How To Run An Effective Meeting

Brian Thomas, VP & CIO, Swope Health Services

Brian Thomas, VP & CIO, Swope Health Services

We’ve all been there: you show up to a meeting at work at the suggested time, only to be met with the blank stares of a few other employees waiting around a table with some stale doughnuts in the center. The boss shows up five minutes late in a tizzy with his coffee and a bunch of loose papers. He talks at you, you listen and don’t add anything because you just want to get out of there, the meeting convenes, and everyone goes on his or her way. Sound productive? Nope.

Sadly, though, this is an all-too-real example of how meetings go in the workplace. Mandatory meetings that no one wants to attend or participate in can be very draining, not only on employees, but on boss as well. Such meetings take away from real productivity, interrupting thought processes and causing a gap in the day that could otherwise be spent better. However, when meetings have real purpose and are handled effectively, the results can be positive, engaging, and worthwhile.

So, as the leader or meeting organizer, how can you run a more effective meeting in which everyone will show up, ready to listen and participate? In general, it’s a good idea to prepare a standard agenda template to help people come prepared, stay on task, and document action items.

Establish Clear Objectives

Send out an email to participants 24 hours in advance. Don’t just list the time and location of the meeting; give it a specific and defined purpose with clear objectives that spell out exactly what you hope to accomplish, says Forbes. Vague meetings are not a good use of time. Encourage your team members to come prepared to discuss the issue. This puts control in their hands so they feel part of the solution.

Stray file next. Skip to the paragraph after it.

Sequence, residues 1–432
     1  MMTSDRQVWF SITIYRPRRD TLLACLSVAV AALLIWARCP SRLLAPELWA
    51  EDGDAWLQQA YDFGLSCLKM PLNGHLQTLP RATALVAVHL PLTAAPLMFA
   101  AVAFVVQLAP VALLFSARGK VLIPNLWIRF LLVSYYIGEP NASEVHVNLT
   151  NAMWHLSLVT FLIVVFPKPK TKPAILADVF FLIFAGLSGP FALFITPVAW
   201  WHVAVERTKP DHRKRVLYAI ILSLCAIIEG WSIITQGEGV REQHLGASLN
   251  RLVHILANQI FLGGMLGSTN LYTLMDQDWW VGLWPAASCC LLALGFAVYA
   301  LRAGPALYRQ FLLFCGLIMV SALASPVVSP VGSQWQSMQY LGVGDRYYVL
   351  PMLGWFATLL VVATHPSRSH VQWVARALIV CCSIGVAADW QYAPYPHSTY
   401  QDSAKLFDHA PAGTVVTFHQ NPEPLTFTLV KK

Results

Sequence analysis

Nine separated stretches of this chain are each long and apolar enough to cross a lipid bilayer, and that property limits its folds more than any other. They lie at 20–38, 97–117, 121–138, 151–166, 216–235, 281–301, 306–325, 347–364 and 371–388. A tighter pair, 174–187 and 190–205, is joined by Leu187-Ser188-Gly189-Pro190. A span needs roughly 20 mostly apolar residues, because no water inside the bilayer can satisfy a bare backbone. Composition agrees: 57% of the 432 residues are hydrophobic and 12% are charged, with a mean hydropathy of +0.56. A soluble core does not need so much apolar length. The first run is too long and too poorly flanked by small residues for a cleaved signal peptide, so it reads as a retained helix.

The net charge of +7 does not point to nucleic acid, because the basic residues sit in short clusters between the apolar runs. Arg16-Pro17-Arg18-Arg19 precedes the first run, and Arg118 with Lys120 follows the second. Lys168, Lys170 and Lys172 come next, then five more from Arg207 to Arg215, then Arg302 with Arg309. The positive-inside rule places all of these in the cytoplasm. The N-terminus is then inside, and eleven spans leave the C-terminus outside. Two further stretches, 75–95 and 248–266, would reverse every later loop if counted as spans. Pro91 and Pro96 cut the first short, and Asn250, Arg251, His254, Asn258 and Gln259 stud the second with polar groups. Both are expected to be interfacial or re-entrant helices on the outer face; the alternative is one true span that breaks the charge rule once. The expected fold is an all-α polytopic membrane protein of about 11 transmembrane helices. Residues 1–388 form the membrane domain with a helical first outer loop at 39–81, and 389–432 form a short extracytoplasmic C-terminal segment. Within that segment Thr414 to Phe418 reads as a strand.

Invite the Core Group

No one likes to attend meeting, disrupting their busy day, if they’re not integral to the matter at hand. Invite only the people who have to be there, who can offer insight into the problem and come up with a solution. Don’t invite those who are not qualified to address the issue or who lack the skills to be of any real assistance. Relevancy is key here, otherwise you’re wasting people’s time.

Come up with a Schedule and Stick to It

If time allows, email a brief outline of the meeting to participants beforehand. During the meeting, use visual aids such as the whiteboard to illustrate your outline — this will help keep people’s attention. Creating an agenda within a timeline dedicated to each line item will help you stay on track and focus on covering what you want.

Follow Up with Action Items

Perhaps the one thing that makes meetings so ineffective is that afterwards, everyone goes their separate ways and forgets what they’re supposed to do. That’s why you should email a memo outlining what was discussed at the meeting, what solutions were formed, and who is responsible for following through on what tasks. Do this right away, or at least within 24 hours of the meeting so everyone is on the same page. Being clear in these action items will ensure that tasks discussed actually get done, and that everyone is responsible for a small part of the solution.

In summary, here’s a quick takeaway of tips for running an effective meeting:

  • Show up five minutes early
  • Begin the meeting on time
  • Stay on topic
  • Follow a clear agenda
  • No comments on the side that are irrelevant to the topic
  • Don’t interrupt
  • Impose time limits on how long each person has the floor
  • Tell participants to leave their phones and tablets behind
  • Challenge ideas; not people
  • Encourage people to participate
  • End on time
  • Email agenda 24 hours ahead of time
  • Email results of meeting within 24 hours with action items

[This piece was originally published on Divergent CIO, a blog created by Brian Thomas, VP & CIO at Swope Health Services. To follow him on Twitter, click here.]

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